Just as Americans have mythologized the reclusive figure of Osama bin Laden, so too do they envision Tora Bora as a viper’s nest of herculean proportions. Yet the Tora Bora I remember, while formidable, was much more primitive than the highly sophisticated, ventilated network of caves described in some press accounts. Nestled in a sparsely wooded valley, the main base camp had two main entrances, one at the southeast end of the valley floor that served as a gate to incoming traffic from Pakistan, the other to the north on a high slope that overlooked the valley on one side and a cluster of small hamlets on the other. There were nearly a dozen caves scattered throughout the valley, fortified and expanded and sometimes linked with tunnels. Two kitchens with wood stoves and samovars served meals three times a day. A narrow man-made cave served as a holding cell for prisoners. And two long, triangular-shaped caves were expanded to hold hundreds of weapons and boxes of ammunition and other supplies near the bottom of the valley, where we washed our guns and bathed in a small creek in the summer as the first glimpse of the afternoon sun flickered high above.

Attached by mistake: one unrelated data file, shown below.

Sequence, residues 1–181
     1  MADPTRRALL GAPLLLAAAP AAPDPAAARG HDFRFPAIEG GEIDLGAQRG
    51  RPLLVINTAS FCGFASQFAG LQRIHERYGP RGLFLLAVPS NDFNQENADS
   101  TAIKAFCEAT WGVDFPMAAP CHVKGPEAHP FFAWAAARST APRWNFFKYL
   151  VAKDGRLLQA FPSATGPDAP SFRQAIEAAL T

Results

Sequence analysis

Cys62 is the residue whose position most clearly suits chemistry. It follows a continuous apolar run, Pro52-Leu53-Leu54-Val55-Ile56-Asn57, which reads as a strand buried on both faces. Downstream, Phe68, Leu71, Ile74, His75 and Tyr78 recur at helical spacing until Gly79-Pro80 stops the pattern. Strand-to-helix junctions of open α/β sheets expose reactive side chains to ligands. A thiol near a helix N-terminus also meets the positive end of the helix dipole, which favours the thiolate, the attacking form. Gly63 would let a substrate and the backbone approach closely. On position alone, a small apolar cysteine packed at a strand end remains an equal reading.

In the warmer months Tora Bora buzzed with hundreds of men, mostly young Afghan refugees returning from Pakistan as part-time fighters. I was one of these refugees when I arrived in Tora Bora in 1987 and was issued my first Chinese-made folding-stock AK-47. I remember picking up my rifle and walking down a steep trail to the creek to wash the grease off. I spent the rest of the day practicing dismantling it so that by evening I could take it apart and put it back together in under 10 minutes.